Nothing Can Stop A Mission Driven Mindset

Triathlon Age Grouper Carolyn Carter shares how her mindset superpower is what gets her across finish lines and onto podiums.

triathlon, Ironman triathlon, triathlon training

Ironman triathlon is one of the world’s most challenging endurance races, it takes a certain mentality to be a contender in this race. In addition to a strong body, you must  have the resilience to push yourself past your conceivable limits.  

In order to understand what it takes to be a great triathlete, it’s important to look towards successful athletes such as Carolyn Carter. Though she struggled when starting out, she’s developed a resilient mentality that’s helped her make a name for herself as an athlete. 

If you want to find out how to adopt Carolyn Carter’s mentality in order to succeed in your first Ironman Triathlon, read on and we’ll tell you everything that you need to know. 

Motivation From an Early Age

Carolyn Carter had a goal-driven mindset from a young age. She started her competitive swimming career at the age of 5. It was during this time that she learned the value of setting goals and committing to achieving them.

She shared that “If I didn’t have goals to work towards, I would have no purpose in life.” 

But according to Carter, not only is it important to set goals. It’s also important to set them for the right reasons. “For me, it’s about having a goal. While I do enjoy being competitive against others, I mainly enjoy being competitive with myself,” she said.  

This mission-driven mindset is her superpower when it comes to crushing her objectives on and off the racecourse. This is an especially important mindset for those who compete in longer races such as the 70.3 triathlon or full ironman distance

Be Ready to Overcome Obstacles

It’s much easier to accomplish your goals when things go according to plan. But unfortunately, life has a way of throwing curveballs when we least expect them. This is why mental toughness is so important. 

Carolyn’s first Ironman, Louisville 2018 is a perfect example. She says that “The weather had been beautiful all week leading up to the race. On race day, the weather turned. It was 45 degrees and raining. People were pulling over left and right hypothermic.”

Being mission-driven means you are willing to endure whatever is thrown at you to accomplish your goal. This is not something you find during the race.

You must build it up and have it with you from the starting line. No matter what triathlon distances you’ll be competing at, this is a mentality that will help you to succeed. 

When Carolyn’s grandfather asked her after the race, “When did you know you were going to finish?”; without hesitation, Carter responded that she knew “The second I signed up.”

This drive to accomplish your goals is not isolated to just sports. This is a skill that can benefit all aspects of our lives.

Carolyn finds that this discipline presents itself in many aspects of her life. “Being a goal-oriented person, I have things I want to achieve in other areas, whether it’s work, family, or personal life.”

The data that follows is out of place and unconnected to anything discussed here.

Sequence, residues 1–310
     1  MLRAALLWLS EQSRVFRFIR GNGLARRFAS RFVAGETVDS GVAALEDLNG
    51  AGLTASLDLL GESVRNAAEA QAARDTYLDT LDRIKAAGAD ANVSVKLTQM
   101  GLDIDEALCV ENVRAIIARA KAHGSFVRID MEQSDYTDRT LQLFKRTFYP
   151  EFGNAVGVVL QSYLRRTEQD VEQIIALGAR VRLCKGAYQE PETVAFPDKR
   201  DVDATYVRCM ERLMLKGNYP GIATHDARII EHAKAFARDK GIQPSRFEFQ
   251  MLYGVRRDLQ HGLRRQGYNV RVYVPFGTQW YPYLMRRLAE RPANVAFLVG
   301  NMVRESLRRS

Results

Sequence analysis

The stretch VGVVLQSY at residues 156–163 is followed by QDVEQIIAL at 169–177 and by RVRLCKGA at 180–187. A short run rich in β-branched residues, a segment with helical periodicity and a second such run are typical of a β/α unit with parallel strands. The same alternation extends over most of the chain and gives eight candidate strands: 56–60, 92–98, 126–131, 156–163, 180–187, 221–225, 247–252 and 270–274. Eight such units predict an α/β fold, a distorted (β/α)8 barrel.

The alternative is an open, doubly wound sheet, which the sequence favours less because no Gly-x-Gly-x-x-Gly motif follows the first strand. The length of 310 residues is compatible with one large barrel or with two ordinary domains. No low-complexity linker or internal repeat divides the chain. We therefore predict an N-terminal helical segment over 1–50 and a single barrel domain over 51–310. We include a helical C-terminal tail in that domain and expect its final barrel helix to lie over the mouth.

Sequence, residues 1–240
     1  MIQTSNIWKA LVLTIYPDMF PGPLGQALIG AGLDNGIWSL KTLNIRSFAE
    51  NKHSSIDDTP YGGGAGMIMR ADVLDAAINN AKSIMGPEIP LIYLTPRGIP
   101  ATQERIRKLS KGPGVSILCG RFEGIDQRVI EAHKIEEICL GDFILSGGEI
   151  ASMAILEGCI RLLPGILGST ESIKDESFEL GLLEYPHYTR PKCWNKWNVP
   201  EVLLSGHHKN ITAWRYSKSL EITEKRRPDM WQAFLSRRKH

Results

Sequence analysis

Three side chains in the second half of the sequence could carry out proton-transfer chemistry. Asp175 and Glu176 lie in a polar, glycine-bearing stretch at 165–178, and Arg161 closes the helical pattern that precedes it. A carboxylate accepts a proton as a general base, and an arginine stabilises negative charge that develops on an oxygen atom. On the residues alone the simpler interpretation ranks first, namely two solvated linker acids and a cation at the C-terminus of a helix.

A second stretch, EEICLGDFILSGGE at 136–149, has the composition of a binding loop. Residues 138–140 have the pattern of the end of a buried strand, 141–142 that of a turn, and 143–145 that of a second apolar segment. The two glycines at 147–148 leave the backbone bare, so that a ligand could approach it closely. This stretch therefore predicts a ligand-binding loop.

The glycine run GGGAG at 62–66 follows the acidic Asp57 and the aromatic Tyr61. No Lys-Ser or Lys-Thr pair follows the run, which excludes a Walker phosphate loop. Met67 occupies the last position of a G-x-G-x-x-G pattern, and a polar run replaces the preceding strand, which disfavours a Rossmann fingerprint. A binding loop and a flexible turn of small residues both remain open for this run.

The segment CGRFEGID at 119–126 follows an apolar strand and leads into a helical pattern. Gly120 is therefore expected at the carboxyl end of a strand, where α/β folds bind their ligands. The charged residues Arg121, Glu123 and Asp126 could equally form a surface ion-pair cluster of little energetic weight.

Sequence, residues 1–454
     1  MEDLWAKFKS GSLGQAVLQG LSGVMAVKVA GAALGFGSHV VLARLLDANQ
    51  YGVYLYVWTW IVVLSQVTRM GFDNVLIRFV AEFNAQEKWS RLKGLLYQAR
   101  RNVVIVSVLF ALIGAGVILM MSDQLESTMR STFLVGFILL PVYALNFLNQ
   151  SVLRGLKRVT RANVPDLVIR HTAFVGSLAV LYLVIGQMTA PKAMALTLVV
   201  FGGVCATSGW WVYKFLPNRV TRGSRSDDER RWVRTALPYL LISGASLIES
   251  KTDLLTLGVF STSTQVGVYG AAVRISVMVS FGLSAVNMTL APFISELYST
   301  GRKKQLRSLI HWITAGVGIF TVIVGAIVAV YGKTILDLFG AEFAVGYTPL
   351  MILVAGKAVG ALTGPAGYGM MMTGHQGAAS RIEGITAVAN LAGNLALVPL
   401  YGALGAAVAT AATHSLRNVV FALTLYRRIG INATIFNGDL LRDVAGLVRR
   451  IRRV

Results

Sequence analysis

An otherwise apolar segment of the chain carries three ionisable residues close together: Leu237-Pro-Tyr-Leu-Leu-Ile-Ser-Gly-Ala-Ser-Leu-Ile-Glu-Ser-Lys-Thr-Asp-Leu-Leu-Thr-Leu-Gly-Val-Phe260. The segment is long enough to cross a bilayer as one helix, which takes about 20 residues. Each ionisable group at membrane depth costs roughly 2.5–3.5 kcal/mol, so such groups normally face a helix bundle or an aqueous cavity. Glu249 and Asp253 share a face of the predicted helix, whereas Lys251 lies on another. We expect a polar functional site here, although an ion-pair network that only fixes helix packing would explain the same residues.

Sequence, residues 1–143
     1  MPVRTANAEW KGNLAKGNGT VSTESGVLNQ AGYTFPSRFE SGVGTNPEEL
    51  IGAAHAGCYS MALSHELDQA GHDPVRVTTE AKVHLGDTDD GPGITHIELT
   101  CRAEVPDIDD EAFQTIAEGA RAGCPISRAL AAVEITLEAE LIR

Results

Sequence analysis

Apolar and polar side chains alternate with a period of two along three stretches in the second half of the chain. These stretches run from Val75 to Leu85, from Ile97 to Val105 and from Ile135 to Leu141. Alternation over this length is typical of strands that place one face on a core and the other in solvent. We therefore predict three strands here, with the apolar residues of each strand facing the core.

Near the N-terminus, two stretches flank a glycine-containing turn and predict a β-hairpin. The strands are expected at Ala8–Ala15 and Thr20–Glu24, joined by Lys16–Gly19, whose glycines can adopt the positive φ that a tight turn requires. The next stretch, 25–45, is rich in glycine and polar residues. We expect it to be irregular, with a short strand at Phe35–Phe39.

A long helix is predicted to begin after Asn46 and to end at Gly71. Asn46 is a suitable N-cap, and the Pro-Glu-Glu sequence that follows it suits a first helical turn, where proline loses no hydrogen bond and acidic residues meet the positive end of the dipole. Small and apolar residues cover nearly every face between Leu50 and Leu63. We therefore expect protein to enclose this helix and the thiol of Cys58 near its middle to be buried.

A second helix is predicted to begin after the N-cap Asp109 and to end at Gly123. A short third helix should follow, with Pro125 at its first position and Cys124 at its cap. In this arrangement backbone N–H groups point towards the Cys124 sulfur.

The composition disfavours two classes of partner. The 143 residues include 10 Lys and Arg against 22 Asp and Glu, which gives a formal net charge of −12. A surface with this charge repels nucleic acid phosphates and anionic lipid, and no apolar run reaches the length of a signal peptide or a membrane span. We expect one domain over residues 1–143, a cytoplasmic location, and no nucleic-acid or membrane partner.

Embrace the Unknown and Be Ready to Shift

While you can’t predict the future, you can plan for it. As a self-proclaimed “planner,” Carolyn suggested that triathlon competitors “Make sure to monitor the weather and have the appropriate apparel for all conditions. For cold, arm warmers, a vest and rain jacket is key to keeping the moisture out and regulating your temperature.”

Even if you’re competing in shorter triathlons such as a Half Ironman Triathlon or a Sprint Triathlon, this is good advice to take heed of. Many experienced triathlon competitors say that one of their greatest challenges has been learning how to prepare for unpredictable weather conditions. 

There are other areas of the sport you can plan for as well, says Carolyn Carter. She suggests that racers who are training for an Ironman triathlon to “Know how to change a flat, always bring extra nutrition, always have extra socks in transition.” These seemingly trivial things can make all the difference on race day.

Surround Yourself With Those Who Inspire You

As a swimmer turned runner, going into triathlon was a fairly seamless transition. But something that caught her by surprise was her newfound love of cycling.

She said that “I love cycling. Since I work from home, I’m stuck in my apartment all day. Riding is my social hour to see people and friends.”

She added that, during the season, it’s not uncommon for Carolyn to average 200 miles a week.

She credits much of her bicycling success to the positive influences from other groups and teams of stronger riders. Many other successful triathletes such as Angie Jackson have shared similar things. 

In order to connect with superior performers, Carolyn Carter went as far as joining a cycling race team where she competed in both criterium (crit) and road races.

“Cycling racing is almost the polar opposite of triathlon racing,” Carter shared. She pointed out that crit races, in particular, are known for having a tight course. People are usually bunched together and there is a lot of pressure to keep up with the leader of the group.

This was much different than she was used to. “In triathlon,” she said, “You can just put your head down and push steady watts.”

Get Ready to Compete

If you’ve never competed in a triathlon before, the best way to get started is by getting in the right mental state. As a successful triathlete who has overcome many obstacles, Carolyn Carter has shown that nothing can stop a mission driven mindset.